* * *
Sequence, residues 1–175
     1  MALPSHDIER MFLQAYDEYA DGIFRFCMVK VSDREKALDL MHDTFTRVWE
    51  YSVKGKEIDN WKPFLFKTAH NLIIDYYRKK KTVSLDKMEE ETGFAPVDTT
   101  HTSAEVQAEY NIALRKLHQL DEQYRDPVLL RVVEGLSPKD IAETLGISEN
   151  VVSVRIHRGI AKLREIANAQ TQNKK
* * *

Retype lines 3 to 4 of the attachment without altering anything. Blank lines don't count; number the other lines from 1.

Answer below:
    51  YSVKGKEIDN WKPFLFKTAH NLIIDYYRKK KTVSLDKMEE ETGFAPVDTT
   101  HTSAEVQAEY NIALRKLHQL DEQYRDPVLL RVVEGLSPKD IAETLGISEN